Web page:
Following an absence of more than two years, P&O Cruises flagship Pacific Explorer sailed into Waitemata Harbour, Auckland this morning becoming the first cruise ship to return to New Zealand marking the restart of cruise tourism following the reopening of maritime borders.
Pacific Explorer and her guests, currently on a 12-night round-trip cruise from Sydney to New Zealand and Fiji, were accorded a traditional Māori welcome after berthing at Queen’s Wharf. Guests also received a spectacular greeting as they emerged from the Cloud to fan out across Tāmaki Makaurau, Auckland and the district on locally run tours.
Among those welcoming Pacific Explorer were local business owners covering a wide range including hospitality, tours and transport, who have been looking forward to the restoration of the economic opportunities associated with cruise tourism. Pacific Explorer’s welcoming group also included Julie McEwen, a young New Zealand citizen who is building an international reputation as a cruise director on board P&O ships.
President of Carnival Australia and P&O Cruises Australia Marguerite Fitzgerald thanked the Ardern Government for enabling cruising to be a part of New Zealand’s move to reconnect with the world following the challenges of the pandemic.
“Pacific Explorer’s arrival in Tāmaki Makaurau, Auckland today is a signal that cruise tourism is poised to make a significant contribution to the restoration of the tourism economy,” Ms Fitzgerald said.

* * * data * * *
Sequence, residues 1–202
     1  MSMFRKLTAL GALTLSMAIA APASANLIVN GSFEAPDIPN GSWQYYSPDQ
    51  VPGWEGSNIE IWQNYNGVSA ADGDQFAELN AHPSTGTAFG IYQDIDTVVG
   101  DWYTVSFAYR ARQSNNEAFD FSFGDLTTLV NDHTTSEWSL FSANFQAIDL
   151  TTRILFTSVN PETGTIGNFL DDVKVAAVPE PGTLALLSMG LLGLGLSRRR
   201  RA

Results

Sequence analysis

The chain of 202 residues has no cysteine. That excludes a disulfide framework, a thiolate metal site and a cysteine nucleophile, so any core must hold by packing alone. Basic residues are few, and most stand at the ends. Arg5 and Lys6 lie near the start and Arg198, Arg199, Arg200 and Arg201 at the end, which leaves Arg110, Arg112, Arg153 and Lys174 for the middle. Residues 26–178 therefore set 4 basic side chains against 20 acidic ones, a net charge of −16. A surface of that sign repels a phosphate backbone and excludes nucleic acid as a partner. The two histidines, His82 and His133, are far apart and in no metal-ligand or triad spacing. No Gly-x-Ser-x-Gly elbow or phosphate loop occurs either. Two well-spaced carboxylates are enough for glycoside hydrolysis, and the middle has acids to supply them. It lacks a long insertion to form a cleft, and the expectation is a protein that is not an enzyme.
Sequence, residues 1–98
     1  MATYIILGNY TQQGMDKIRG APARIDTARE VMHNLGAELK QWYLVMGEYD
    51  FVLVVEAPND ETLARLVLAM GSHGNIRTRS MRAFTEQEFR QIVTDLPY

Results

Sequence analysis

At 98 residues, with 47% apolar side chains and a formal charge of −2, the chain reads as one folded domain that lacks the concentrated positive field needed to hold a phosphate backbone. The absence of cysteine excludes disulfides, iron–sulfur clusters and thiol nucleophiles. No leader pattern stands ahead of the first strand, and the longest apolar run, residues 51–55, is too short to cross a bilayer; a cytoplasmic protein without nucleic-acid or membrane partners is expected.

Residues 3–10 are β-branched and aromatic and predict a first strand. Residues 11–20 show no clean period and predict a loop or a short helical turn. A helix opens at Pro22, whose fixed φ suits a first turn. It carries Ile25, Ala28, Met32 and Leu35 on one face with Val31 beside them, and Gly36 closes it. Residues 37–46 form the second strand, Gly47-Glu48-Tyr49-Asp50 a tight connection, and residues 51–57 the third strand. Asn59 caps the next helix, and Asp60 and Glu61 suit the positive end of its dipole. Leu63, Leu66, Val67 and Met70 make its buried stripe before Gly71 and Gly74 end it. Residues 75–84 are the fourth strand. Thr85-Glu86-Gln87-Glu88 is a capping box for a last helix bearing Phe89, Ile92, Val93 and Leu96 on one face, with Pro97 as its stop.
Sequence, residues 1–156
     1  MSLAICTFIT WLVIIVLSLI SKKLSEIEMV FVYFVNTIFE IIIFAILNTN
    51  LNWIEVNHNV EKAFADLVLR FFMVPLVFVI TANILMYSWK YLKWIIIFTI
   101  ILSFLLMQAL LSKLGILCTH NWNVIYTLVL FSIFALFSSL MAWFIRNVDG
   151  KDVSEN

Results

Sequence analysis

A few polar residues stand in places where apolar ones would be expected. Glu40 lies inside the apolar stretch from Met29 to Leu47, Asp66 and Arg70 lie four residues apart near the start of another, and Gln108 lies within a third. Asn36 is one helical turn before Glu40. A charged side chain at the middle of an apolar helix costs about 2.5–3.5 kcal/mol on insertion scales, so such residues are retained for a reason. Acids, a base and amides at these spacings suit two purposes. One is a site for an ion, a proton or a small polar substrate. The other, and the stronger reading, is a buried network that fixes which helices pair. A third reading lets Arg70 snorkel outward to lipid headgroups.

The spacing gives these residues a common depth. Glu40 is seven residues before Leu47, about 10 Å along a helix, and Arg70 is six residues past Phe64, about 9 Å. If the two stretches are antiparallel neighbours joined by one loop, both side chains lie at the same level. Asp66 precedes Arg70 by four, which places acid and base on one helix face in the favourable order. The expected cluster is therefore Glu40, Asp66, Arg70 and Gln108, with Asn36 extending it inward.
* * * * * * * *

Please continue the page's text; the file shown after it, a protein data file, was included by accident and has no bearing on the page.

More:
“Looking further afield to the reopening of maritime borders in other parts of the Pacific, it is entirely appropriate that Pacific Explorer is on an itinerary that includes calls in Fiji.
“We are looking forward to our ships also being able to return to beautiful destinations in New Caledonia and Vanuatu and to the progressive return to New Zealand ports of ships from our other cruise lines as the tourism sector continues to rebuild.”
A number of local business operators welcomed the arrival of Pacific Explorer and the impetus cruise tourism offers to the economy and the Auckland CBD in particular. They included:
- David Lee owns five eateries in Commercial Bay, the shopping and hospitality precinct in the heart of Auckland City. “When we opened our businesses, we were expecting cruise ship tourists from around the world. All our menus and the concepts for our restaurants were designed with tourists in mind. And then the first day we opened in March 2020, New Zealand went into Level 4 lockdown for the first time,” Mr Lee said. “Without tourists, it was really hard to keep our restaurants afloat. Our projected revenue amounted to less than half of what it should have been – we hung on by the skin of our teeth. The return of cruise ships and the tourists they bring has given me hope for our businesses. I can’t wait to see the city abuzz with tourists and energy again.”